With Dad: Dad can and should, if possible, get involved too. At our house Dad includes the children in his office work by giving them small jobs, often with the older ones teaching the younger. Before long, everyone above the toddler age can run the fax machine, use the copier, and work the computers and calculators. Our oldest, by age thirteen, was handling all the computer support work for our in-home office as well as our official, out-of-home, business office. The older children take turns accompanying Dad to business meetings whenever possible. What amounts to a complex business education is all done informally here, by simply including the children in Dad's work. 

You may not have a family business, but every dad can find imaginative ways to do similarly. Whether it is mowing the lawn, washing the car, fixing a door knob, handling the family finances, or cleaning the garage, there's always a way to include the young ones, if you look for it. Everything is a precious opportunity to teach and mentor.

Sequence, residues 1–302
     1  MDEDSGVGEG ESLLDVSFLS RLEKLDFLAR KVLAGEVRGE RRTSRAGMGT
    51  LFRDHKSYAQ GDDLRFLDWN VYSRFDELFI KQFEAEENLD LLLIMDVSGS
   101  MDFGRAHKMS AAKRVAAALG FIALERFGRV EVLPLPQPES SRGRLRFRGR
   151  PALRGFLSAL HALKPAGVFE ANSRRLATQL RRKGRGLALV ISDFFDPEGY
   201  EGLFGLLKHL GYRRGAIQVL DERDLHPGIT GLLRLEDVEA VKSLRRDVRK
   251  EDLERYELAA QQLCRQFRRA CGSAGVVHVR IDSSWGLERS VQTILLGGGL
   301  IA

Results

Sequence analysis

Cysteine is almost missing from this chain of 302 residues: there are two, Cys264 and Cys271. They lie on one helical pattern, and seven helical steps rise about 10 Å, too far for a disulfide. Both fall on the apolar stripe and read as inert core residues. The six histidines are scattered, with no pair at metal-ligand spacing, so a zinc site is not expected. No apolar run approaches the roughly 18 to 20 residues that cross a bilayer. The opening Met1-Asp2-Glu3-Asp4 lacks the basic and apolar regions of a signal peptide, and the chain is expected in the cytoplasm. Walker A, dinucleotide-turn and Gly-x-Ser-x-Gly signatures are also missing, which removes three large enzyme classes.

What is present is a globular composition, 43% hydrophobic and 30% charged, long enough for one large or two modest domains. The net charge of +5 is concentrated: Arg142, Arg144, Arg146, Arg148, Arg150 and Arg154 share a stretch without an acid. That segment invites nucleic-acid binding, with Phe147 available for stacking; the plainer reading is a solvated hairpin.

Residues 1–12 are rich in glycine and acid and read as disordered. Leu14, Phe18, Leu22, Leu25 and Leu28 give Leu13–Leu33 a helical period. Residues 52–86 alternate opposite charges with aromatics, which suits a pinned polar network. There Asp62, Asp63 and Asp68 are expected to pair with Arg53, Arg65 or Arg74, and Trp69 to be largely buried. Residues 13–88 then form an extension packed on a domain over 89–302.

Sure, it would be easier to do it all yourself and you could probably do it faster, and certainly better, but what will your children have learned? Nothing. Worse than learning nothing, while you are managing the perfect house, your children will be off learning how to bicker, quarrel, please themselves, grow independent and disloyal, and so on and so forth. And in the long run, is it really easier and faster to do everything yourself? Wait until you�ve Tomato Staked for a few years and you will suddenly come to appreciate the small amount of extra time it took to include your children in your routine life. Suddenly you�ll find you have a houseful of responsible, trustworthy children who know how to manage and organize, who appreciate the value of hard work, who accept responsibility gladly, and who take pride in being a productive hardworking member of their family � and you can relax a little!

The wise of heart will receive commands, but a babbling fool will be thrown down.
- Proverbs 10:8

Should I Start With One or All?